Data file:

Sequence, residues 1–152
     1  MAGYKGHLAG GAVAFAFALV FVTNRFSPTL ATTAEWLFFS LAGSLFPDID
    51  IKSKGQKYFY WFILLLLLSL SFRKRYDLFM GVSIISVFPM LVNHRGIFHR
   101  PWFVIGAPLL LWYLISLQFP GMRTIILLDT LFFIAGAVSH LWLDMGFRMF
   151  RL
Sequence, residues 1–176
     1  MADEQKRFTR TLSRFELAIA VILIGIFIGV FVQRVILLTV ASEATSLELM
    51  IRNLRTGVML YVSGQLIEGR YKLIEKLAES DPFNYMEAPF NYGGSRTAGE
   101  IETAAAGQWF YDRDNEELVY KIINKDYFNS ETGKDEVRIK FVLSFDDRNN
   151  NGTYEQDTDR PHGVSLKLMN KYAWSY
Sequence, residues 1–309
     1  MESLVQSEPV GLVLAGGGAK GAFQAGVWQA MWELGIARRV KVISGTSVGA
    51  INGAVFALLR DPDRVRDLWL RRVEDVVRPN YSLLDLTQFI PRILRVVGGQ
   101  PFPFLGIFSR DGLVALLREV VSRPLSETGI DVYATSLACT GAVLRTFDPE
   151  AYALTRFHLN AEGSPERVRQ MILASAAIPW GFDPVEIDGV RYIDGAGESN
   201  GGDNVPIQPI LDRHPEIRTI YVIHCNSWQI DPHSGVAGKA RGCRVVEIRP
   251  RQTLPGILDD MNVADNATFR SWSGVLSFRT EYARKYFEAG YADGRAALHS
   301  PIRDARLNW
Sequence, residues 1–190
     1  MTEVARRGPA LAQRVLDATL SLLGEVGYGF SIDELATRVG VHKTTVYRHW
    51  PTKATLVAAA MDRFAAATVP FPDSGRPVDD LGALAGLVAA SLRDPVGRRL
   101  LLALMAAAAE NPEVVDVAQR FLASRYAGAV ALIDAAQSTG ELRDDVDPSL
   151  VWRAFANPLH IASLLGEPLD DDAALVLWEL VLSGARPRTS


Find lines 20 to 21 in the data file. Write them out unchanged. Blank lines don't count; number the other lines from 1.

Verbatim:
     1  MTEVARRGPA LAQRVLDATL SLLGEVGYGF SIDELATRVG VHKTTVYRHW
    51  PTKATLVAAA MDRFAAATVP FPDSGRPVDD LGALAGLVAA SLRDPVGRRL